SINGAPORE/NEW DELHI (Reuters) - Developers of Indian clean-energy projects have winnowed down a stockpile of U.N.-backed carbon offsets, but are in no rush to sell the remainder as they hold out for higher prices.
Industry sources put the outstanding stockpile at up to 10 million tonnes, equivalent to about a month’s issuance under a U.N. scheme that rewards firms for cutting greenhouse gas output by allowing them to sell the saved emissions.
India is the second largest source of these certified emissions reductions (CERs), internationally tradeable offsets under the Kyoto Protocol’s Clean Development Mechanism that can be used by governments or companies in rich nations to meet emissions reduction targets.
Europe is a major CER buyer because the offsets can be used in the EU’s emissions trading scheme.
The CDM was worth $2.7 billion in 2009, less than half the $6.5 billion value the previous year as the global economic downturn slowed demand for the offsets and knocked prices.
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“Selling has accelerated but there are still a lot of CERs floating in the market,” said Pamposh Bhat, country director, India, for consultancy Perenia Carbon, which helps clean-energy project developers to create and sell CDM carbon credits.
“Indian sellers are willing to sell on the spot market, but the asking price is very high,” she said.
India has 513 CDM projects registered by the United Nations, with total CER issuance for the country at nearly 80 million, well behind China’s more than 200 million, U.N. data shows.
“I think the number has come down drastically,” said Ashutosh Pandey, CEO of the carbon advisory business for project developer Emergent Ventures India, referring to the number of unsold CERs.
“Companies which were waiting to sell their CERs have seen the price performance of the past two to three years. And over the past year or so prices have stabilised,” he said, adding that sales would continue.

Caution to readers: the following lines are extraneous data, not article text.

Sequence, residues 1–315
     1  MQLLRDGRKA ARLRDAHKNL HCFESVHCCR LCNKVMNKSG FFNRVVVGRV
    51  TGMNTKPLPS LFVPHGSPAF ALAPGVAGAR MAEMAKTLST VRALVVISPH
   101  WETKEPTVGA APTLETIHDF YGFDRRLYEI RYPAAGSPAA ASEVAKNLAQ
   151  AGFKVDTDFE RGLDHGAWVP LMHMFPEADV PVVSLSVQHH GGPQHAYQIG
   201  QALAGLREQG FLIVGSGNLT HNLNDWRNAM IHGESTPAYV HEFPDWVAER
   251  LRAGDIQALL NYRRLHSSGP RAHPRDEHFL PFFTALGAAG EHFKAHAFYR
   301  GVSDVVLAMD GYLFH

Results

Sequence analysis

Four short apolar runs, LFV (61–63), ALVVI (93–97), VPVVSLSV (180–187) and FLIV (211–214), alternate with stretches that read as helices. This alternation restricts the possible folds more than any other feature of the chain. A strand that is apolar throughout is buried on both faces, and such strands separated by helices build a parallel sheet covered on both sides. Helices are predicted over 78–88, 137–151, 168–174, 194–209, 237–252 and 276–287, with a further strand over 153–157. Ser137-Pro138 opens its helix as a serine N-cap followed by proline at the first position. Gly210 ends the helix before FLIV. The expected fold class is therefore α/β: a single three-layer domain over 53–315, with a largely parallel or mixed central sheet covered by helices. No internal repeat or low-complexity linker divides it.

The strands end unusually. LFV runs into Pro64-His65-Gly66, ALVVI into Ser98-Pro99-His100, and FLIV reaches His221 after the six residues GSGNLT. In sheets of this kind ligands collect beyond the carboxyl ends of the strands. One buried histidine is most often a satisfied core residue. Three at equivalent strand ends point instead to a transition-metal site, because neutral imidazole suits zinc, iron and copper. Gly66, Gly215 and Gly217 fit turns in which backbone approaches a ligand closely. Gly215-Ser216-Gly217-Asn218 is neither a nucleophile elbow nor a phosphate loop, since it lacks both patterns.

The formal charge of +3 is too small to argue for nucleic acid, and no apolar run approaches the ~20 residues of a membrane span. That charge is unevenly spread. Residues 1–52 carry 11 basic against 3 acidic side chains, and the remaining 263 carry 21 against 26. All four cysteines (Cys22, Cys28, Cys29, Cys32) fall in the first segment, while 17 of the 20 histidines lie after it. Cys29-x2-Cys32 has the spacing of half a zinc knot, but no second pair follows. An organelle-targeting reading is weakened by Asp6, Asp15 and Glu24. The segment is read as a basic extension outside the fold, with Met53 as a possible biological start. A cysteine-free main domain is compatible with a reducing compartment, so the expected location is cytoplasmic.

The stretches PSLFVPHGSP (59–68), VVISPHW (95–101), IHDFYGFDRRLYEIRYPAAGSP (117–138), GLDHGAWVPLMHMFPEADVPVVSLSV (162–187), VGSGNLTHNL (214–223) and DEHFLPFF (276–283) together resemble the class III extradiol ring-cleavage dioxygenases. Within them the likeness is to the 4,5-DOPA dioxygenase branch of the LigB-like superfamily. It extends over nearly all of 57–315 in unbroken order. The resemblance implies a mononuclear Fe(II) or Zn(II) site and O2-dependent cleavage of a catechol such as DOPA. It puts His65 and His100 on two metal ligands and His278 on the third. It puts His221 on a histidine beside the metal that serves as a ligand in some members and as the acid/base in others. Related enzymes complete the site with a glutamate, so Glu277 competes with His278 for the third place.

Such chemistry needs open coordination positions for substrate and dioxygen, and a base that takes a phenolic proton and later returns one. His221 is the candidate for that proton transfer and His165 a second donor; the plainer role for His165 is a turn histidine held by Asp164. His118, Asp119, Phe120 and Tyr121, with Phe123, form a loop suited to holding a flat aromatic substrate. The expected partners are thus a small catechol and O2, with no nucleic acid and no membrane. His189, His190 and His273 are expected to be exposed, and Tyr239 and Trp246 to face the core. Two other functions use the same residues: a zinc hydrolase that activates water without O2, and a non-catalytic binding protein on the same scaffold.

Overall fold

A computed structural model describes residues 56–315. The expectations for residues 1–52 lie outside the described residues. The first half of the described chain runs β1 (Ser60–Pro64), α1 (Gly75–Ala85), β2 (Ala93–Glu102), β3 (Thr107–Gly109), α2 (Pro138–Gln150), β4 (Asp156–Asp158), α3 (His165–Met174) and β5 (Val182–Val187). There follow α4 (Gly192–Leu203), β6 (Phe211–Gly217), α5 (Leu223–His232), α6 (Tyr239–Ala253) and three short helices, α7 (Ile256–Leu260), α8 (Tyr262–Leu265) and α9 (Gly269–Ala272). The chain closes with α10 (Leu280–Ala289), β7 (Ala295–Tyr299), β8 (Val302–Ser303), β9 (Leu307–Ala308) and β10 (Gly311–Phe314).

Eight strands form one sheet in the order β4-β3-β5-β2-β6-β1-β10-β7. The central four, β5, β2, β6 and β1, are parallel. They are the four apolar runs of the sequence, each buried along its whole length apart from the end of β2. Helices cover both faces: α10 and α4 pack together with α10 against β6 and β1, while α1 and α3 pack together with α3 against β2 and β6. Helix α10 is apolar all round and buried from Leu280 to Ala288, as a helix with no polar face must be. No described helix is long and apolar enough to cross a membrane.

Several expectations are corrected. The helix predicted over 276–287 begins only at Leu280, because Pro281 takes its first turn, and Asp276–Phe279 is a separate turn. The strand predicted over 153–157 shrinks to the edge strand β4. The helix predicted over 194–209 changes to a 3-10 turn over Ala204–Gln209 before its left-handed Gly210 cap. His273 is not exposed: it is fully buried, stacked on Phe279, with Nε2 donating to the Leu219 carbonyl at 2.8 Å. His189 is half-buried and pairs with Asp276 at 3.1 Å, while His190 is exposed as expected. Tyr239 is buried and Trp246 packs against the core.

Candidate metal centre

CER futures traded on the European Climate Exchange hit a high of just over 24 euros in July 2008, plunged to 7.35 euros in early 2009 but have stabilised at around 12 to 13 euros over the past year.
Pandey said the number unsold had been between 40 to 50 percent of the total issued because of reluctance from small project owners to sell. But it was now 10-20 percent.
“Our estimate of issued, but not sold CERs in India, will be about 10 million,” said P. Ram Babu, CEO of General Carbon Advisory Services in Mumbai, told Reuters in an email interview.
Indian sellers are holding because they expect rising demand to lift prices.
A Reuters poll published last week found the average forecast price of EU emissions allowances in 2010, which typically trade two to three euros above CERs, is 16 euros. For 2011, it was 19.5 euros and 23.5 euros for 2012.
In a separate poll this month, analysts cut their CER supply forecasts to 2012 with the average 2012 price set at 18.7 euros.
“For the issued CERs market, the seller has the upper hand. So they are pretty OK. They are pretty confident saying that, ‘look even if we don’t sell today, we don’t stand to lose, as this revenue isn’t going to change our fortunes’,” said Yuvaraj Dinesh Babu, CEO of the Carbon Rating Agency in Singapore.
Pandey said more buyers were opting for the spot market, even though many large buyers had entered into forward contracts.
But he said the actual volume delivered to date had been small because of delays in registering projects or verification of CERs by the CDM’s governing board.
“So they are facing problems. They don’t have enough volume to meet their own demand,” he said. (Editing by Michael Urquhart)